- Thomas von Aquin: Werk and Wirkung im Licht neuerer Forschung ed. by Albert Zimmermann and Clemens Kopp (review)
- The Thomist: A Speculative Quarterly Review
- The Catholic University of America Press
- Volume 54, Number 2, April 1990
- pp. 376-379
- View Citation
- Additional Information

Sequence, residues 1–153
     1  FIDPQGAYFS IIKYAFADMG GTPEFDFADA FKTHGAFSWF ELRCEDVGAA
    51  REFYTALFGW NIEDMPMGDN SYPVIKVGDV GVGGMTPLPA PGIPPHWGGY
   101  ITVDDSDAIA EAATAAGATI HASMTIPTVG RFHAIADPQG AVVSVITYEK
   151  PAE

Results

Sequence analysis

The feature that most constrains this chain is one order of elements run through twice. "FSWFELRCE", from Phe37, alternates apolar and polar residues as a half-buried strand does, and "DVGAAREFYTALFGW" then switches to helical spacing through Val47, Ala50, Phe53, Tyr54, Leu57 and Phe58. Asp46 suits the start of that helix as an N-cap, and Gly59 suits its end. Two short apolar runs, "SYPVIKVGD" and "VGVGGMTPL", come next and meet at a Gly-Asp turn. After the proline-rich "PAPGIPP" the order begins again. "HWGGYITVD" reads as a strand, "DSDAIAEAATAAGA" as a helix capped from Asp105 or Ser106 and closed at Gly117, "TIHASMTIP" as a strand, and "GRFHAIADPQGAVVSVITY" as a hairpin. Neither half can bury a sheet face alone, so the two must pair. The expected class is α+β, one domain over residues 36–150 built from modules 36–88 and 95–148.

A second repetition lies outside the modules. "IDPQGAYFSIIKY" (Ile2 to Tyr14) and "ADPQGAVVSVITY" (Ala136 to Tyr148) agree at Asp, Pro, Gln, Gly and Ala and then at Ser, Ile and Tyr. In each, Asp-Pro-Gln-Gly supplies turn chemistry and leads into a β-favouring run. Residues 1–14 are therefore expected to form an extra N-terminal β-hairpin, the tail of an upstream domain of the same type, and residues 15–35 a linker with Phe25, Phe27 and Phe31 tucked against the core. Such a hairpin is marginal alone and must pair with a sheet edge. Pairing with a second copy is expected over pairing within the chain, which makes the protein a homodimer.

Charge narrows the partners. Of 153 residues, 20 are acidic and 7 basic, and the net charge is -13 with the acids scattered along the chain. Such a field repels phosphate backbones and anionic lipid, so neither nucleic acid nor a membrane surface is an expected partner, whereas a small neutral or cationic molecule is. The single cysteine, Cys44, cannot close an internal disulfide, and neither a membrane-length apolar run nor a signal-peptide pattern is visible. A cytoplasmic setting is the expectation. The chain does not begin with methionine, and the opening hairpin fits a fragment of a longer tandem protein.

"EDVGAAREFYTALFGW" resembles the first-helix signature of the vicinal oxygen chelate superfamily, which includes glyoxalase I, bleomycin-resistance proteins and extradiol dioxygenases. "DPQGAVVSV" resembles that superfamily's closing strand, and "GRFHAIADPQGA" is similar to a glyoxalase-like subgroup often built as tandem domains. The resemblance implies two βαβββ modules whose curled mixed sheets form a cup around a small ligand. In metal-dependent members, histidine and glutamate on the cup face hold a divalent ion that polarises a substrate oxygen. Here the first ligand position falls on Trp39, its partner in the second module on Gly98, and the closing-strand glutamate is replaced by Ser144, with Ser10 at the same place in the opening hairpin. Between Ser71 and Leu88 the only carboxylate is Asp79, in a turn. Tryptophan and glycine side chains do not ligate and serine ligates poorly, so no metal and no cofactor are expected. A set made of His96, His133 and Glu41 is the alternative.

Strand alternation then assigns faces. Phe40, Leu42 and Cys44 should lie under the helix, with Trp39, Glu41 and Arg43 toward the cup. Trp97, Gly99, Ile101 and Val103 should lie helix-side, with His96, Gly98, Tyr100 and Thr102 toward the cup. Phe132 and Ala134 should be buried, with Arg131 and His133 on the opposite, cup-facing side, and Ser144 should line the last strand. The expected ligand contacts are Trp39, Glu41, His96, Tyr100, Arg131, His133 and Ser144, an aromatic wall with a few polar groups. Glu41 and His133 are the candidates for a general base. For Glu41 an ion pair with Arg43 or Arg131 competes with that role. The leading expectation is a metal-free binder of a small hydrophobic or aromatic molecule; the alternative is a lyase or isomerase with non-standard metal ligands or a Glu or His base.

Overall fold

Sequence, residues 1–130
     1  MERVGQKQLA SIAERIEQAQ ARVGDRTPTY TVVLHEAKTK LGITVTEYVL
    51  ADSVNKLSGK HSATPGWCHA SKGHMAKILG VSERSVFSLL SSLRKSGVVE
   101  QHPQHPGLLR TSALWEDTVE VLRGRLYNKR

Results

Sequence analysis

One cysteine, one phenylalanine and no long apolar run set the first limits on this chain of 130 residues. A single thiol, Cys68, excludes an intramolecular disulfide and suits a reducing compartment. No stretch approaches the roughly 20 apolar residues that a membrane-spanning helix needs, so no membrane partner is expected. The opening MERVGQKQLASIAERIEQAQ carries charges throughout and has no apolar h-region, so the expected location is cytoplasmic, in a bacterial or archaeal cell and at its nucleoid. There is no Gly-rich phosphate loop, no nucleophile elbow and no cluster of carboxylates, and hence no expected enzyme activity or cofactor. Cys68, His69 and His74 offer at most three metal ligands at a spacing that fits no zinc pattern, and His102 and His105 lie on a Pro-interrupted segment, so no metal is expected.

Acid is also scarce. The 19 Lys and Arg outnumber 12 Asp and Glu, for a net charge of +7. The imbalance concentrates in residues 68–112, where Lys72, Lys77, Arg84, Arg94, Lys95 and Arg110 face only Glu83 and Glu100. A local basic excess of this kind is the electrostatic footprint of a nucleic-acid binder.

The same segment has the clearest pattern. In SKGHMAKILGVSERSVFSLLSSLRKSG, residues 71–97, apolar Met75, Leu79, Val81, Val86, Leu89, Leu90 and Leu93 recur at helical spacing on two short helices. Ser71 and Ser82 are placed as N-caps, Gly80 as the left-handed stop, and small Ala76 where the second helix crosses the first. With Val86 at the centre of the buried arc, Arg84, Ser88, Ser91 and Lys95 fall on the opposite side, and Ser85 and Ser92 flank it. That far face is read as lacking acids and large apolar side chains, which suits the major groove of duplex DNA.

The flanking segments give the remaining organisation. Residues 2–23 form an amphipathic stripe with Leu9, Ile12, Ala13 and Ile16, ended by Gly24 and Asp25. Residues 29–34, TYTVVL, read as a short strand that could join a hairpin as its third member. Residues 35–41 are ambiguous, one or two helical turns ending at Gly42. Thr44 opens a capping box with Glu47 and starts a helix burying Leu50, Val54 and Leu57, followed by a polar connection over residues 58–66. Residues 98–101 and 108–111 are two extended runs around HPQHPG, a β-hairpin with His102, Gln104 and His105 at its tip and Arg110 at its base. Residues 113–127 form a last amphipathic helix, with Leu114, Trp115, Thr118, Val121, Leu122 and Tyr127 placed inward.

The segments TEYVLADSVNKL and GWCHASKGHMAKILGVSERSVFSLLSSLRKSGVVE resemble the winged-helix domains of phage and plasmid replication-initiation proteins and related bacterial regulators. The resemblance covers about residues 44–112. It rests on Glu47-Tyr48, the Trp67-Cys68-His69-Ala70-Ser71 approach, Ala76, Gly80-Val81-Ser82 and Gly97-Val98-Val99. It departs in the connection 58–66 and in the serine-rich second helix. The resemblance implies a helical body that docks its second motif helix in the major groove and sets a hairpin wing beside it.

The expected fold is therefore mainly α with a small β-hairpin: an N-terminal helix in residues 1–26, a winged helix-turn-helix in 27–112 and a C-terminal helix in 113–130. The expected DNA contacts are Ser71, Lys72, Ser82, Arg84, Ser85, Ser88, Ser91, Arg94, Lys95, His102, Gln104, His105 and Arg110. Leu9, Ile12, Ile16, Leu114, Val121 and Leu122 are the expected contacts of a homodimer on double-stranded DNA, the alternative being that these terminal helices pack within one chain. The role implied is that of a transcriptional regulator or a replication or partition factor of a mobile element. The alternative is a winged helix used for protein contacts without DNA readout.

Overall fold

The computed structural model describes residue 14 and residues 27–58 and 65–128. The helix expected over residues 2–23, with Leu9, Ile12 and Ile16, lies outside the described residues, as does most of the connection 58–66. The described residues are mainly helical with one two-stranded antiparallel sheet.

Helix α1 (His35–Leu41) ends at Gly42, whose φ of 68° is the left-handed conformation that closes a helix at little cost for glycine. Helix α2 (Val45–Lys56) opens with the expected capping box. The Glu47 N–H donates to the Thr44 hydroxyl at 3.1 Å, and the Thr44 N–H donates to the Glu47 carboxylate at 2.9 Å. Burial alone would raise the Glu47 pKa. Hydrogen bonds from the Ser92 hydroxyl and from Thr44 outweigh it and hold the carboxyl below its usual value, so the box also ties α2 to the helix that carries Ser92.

376 BOOK REVIEWS As should be evident by now, the volume contains a mixture of misunderstandings of Plantinga and Wolterstorff (for example, Veatch fails to see that Plantinga is a foundationalist, though of a consciously different stripe from Thomas and Locke), with some legitimate and telling challenges to Reformed epistemology (what is the relation between grounds and evidence, and precisely what justifies someone in taking a belief as basic). Separating the two is not always easy, hut where it can he done, there will be value in the resulting dialogue for both Reformed thinkers and Thomists. Augsburg College Minneapolis, Minnesota BRUCE R. REICHENBACH Thomas von Aquin: Werk and Wirkung im Licht neuerer Forschung. Ed. by ALBERT ZIMMERMANN AND CLEMENS KOPP. Miscellanea mediaevelia, 19. New York and Berlin: Walter De Gruyter, 1988. Pp. xi +507. DM 252. The hienniel Koelner Mediaevistentagung sponsored hy the ThomasInstitut in Cologne has focused in the past on themes as diverse as metaphysics or ontology, the fate of Judaism and the Moslem presence in Western mediaeval thought, or controversies at the University of Paris and stages in the development of the University of Cologne. In 1986 the symposium was devoted to the discussion of Thomas Aquinas. The lectures which were then read and discussed, so diverse in theme and methodology, have been supplemented by studies submitted in written form only, in order to form the volume now presented in the series Miscellaneous mediaevalia. In one of the few truly theological contributions, the Dominican Paulus Engelhardt (Bottrop) attempts to discover in Thomas's writings a basic structure characteristic of both thought and belief. " The incarnation of the Word and Human Desire for Truth" (l-12) denote the two converging movements. The productive discontent and selfdissatisfaction of the desiderium naturale visionis Dei, as illustrated hy Thomas's reflections on the pre-theological forms of angustia (e.g. at SCG, III, 4,3), point toward that essential tension between hope and despair, where the gospel itself can first be heard. A somewhat different , perhaps even contradictory, position is presented by the accomplished mediaeval scholar, Ludwig Hoedl (Bochum): "Philosophical Ethics and Moral Theology in Thomas' Summa" (23-42). Aquinas's main contribution is defined as a synthesis of teachings on virtue, law, BOOK REVIEWS 377 and grace which grants significant autonomy to philosophical ethics. The sense of insufficiency does not seem quite as present, the need for grace not quite as pressing as in Engelhardt's interpretation. The editor of the volume, Albert Zimmermann, summarizes the results of a dissertation by one of his assistants at the Thomas-Institut, Ivana Znidar: "Thomas' Thoughts on Defectus Naturalis and Timor" (43-52) points to structures and experiences of self-deficiency, which are not simply the result of sin but underlie the possibility of sin, virtue, grace, and even glory, e.g. in the permanence of timor filialis in patria. Without the same far-reaching systematic intention shown by Engelhardt, the material presented here does seem to confirm the interpretation offered in the earlier article. With an impressive sense of the current problematic and the controversies of Aristotelian scholarship, Ralph Mclnerny (Notre Dame) seeks points of agreement between two alternative models of " Action Theory in St. Thomas Aquinas" (13-22). Practical reason is viewed both as the search for means to ends (ST, I-II, q. 1-17) and as the quasi-syllogistic mediation of principles (the rule, natural law, or precept ) to derivative conclusions and consequences (an instance, an example , or some other way of applying the general rule to particular action), seen e.g. at ST, I-II, q. 90-108. The variety of possible means and the transcendence of the final goal correspond to the merely general character of the principles, which are strictly definitive for. a concrete action only in the negative case of a prohibition. The theme common to the first contributions resurfaces here: the constitutive imperfection of earthly existence, even in its successful, virtuous form, as a basic motif of Thomas's thought in comparison to Aristotle. David E. Luscombe (Sheffield) discusses the diverse influence of Pseudo-Dionysius in "St. Thomas and Conceptions of Hierarchy in the Thirteenth Century" (261-277). The political and ecclesiological disputes of...